Profound uncertainty surrounds Zimbabwe, as President Robert Mugabe refuses to leave office despite vocal demands to do so by civil society and political parties (including his own), and the intervention of the military. Having held power for 37 years, Mugabe has been the central figure in his country’s political life. His interests and outlook have shaped the contours of politics in Zimbabwe, with some deeply damaging consequences for governance: corruption, the personalisation of power, the atrophy of institutions and political processes, and the growth of insidious patronage networks. A post-Mugabe Zimbabwe will have to reckon with the impact of these pathologies for years to come. This is a stark warning about the dangers of extended incumbency – something that is challenging democracy and constitutionalism throughout the continent.

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Top 10 technologically advanced countries in Africa

African countries have a long road to travel to advance to the level of technological capacity common in the developed world. However, some African countries are making strides to boost their communications infrastructure, establish ‘technology parks’ and increase spending on research and development. Most of this government-sponsored activity is done in conjunction with efforts to diversify economies away from dependency on commodities and towards more industrialisation. Once the groundwork has been established and the private sector accepts that a country is serious about becoming more technologically savvy, then private investment can enter to further boosts technology advancement.

The Ebene Cyber Tower located in Ebene Cybercity in Port Louis, Mauritius. Construction began in 2001, with the suburb being promoted as a new information technology hub for Mauritius and as a link between African and Asian markets.
Image courtesy Jean François Koenig, Wikimedia Commons

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Looking at the data: Lessons on best African economic policy

ACBR analysis in brief | More than the private sector, governments determine the success or failure of African economies. Government policies that propel economies toward prosperity should be shaped on best practices discernible in an analysis of Africa’s 54 countries’ economies in IOA’s 2017 Africa Country Benchmark Report.

The economies of Africa’s many and diverse countries prosper or fail on the basis of their government’s political performance, which invariably shapes their response to economic issues. Examples range from South Africa, where the national currency is the world’s most volatile because investors tie the rand to governmental conflicts, to Africa’s well-performing small island economies that prosper because of governmental foresight, with progressive economic policies. An examination of the lead economic indexes on Africa has drawn these insights as part of IOA’s 2017 Africa Country Benchmark Report (ACBR) assessments of overall national performances. Other factors determine the success or failure of economies, and from these lessons can be drawn on the best and worst practices.

The 2017 ACBR analyses 34 international indexes and 30 key indicators, and from this data specific to the economic field, the top five economic ‘takeaways’ emerge. The data points to commonalities found in African counties’ economic successes and failures, and offer insight into countries’ overall economic performances, from trade and investment to equality and stability.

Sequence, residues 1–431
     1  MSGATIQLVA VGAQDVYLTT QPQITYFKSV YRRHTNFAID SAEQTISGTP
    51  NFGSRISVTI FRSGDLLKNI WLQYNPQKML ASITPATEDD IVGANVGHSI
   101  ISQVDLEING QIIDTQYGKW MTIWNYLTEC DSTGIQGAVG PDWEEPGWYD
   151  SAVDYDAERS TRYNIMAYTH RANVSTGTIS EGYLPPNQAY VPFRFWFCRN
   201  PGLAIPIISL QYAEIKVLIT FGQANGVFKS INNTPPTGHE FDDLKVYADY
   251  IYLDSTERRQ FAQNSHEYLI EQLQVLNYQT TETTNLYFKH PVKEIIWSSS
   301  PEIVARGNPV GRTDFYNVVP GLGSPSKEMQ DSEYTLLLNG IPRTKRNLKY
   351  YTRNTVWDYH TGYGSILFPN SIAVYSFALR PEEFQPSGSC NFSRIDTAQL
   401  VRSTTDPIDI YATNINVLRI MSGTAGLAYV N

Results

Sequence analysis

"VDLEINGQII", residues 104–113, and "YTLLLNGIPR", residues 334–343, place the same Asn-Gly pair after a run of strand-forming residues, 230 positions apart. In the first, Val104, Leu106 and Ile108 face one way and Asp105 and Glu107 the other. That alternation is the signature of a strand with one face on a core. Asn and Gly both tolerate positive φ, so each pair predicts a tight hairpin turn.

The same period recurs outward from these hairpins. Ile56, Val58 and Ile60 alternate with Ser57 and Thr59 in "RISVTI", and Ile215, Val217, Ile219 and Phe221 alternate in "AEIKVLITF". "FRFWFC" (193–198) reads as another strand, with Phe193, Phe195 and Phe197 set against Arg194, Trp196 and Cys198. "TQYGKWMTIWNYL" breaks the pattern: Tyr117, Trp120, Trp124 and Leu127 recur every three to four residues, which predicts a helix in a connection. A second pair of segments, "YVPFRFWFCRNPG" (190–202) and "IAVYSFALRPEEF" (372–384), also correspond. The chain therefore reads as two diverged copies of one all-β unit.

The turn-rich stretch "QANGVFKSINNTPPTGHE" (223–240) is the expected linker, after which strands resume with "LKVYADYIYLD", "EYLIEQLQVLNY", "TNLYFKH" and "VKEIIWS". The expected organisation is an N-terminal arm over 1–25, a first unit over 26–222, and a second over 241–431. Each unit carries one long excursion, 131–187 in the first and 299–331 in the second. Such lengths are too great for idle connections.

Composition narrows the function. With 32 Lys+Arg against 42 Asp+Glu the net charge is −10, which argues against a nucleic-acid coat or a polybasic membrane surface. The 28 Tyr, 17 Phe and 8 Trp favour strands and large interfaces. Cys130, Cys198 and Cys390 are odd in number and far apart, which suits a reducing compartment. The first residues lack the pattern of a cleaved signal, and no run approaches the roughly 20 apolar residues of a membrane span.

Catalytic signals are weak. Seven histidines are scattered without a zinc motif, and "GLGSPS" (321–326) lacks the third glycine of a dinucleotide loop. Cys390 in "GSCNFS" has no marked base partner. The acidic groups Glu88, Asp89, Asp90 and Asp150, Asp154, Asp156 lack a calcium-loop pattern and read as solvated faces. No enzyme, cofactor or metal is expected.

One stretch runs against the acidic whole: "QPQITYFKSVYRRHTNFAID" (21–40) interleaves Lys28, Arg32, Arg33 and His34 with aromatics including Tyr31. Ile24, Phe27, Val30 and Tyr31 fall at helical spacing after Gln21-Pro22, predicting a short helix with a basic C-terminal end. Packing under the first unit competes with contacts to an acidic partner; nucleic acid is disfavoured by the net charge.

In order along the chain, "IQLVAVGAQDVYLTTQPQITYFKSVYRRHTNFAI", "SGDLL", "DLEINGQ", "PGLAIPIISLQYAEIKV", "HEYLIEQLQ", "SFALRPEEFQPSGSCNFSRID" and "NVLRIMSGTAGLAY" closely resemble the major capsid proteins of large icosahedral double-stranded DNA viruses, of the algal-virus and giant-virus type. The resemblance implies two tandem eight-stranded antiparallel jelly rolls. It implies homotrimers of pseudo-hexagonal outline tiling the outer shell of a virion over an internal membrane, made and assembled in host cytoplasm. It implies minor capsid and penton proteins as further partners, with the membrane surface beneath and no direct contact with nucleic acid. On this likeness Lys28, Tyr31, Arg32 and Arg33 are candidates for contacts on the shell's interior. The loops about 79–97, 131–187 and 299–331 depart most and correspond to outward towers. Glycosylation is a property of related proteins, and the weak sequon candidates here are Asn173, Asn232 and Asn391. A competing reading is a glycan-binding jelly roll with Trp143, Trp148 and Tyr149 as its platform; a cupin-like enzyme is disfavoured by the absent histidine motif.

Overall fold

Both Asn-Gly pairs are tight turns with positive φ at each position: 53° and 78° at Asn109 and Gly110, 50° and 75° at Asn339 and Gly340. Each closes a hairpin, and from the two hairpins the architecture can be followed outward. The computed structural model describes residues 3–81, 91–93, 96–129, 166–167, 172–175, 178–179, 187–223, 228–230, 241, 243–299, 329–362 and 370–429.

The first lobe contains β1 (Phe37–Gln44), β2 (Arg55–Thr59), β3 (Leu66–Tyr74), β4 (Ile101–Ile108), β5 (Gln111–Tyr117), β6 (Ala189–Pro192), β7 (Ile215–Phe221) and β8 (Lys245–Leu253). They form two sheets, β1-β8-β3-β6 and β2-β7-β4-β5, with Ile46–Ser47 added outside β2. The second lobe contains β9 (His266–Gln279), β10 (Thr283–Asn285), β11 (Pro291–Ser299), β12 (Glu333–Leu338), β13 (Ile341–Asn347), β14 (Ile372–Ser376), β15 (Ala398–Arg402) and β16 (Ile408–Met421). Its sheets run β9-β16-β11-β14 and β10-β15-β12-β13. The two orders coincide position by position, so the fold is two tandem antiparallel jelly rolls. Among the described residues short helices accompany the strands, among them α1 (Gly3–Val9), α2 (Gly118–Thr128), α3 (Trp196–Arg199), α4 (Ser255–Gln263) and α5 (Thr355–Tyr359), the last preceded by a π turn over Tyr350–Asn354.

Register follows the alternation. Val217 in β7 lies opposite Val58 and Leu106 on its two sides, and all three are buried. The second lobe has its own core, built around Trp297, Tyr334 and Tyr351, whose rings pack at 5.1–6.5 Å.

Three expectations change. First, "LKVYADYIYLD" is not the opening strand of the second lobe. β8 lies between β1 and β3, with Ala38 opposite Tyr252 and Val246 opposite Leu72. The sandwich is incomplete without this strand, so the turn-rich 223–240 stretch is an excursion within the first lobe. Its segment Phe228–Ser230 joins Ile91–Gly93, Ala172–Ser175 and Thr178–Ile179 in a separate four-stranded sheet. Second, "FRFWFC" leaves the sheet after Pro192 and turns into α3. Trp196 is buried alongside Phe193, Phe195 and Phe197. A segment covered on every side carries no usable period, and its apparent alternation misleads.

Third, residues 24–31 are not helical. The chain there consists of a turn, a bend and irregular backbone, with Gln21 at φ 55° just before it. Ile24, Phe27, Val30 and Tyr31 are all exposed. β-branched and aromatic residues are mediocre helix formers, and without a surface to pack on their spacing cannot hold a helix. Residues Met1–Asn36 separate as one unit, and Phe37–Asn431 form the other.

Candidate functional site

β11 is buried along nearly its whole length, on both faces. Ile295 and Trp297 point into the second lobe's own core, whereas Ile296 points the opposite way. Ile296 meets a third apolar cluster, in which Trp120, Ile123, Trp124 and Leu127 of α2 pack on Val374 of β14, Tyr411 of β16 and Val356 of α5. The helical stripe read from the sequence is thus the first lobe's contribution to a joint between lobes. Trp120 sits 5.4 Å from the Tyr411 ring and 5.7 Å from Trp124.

Here are five important lessons that should be learned from, demonstrated by countries that perform well in the ACBR’s economics section:
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Looking at the data: Lessons on best African social policy

ACBR analysis in brief | Poverty and a lack of individual rights has hindered social progress in Africa. However, some of the continent’s 54 countries have shown how to establish winning policies and succeed with national development by uplifting living standards and ensuring democratic rights.

Africa’s countries are as varied as their cultural and historic circumstances, as well as their environments and natural resources. All emerged from the colonial era encumbered by poverty, and all went in several directions to achieve social development. IOA’s 2017 Africa Country Benchmark Report (ACBR) assesses which African countries have succeeded in developing effective social welfares and can offer lessons to other developing African countries. The conflict between honouring traditional practices and achieving human rights requires compromise, with traditional authorities honoured with customary respect but citizens allowed to pursue their aspirations in business and politics unfettered by state constraints. Progressive social welfare policies result in improved conditions for all people in a country. Governments can pay for these programmes from revenues earned by well-performing economies, made possible by open, equitable societies where individuals are allowed to think, imagine and ultimately prosper.

The top five social welfare ‘takeaways’ from the 2017 ACBR were discerned by analysing data from the 34 international indexes and 30 key indicators that were incorporated into the survey. A holistic view of a country’s performance results clearly shows how economic and political factors work to the success or detriment of social progress. Out of this evaluation emerges some commonalities found in African counties that score highest in their people’s education, freedoms, health and safety.

Here are five important lessons learned from countries that perform well in the ACBR’s society section: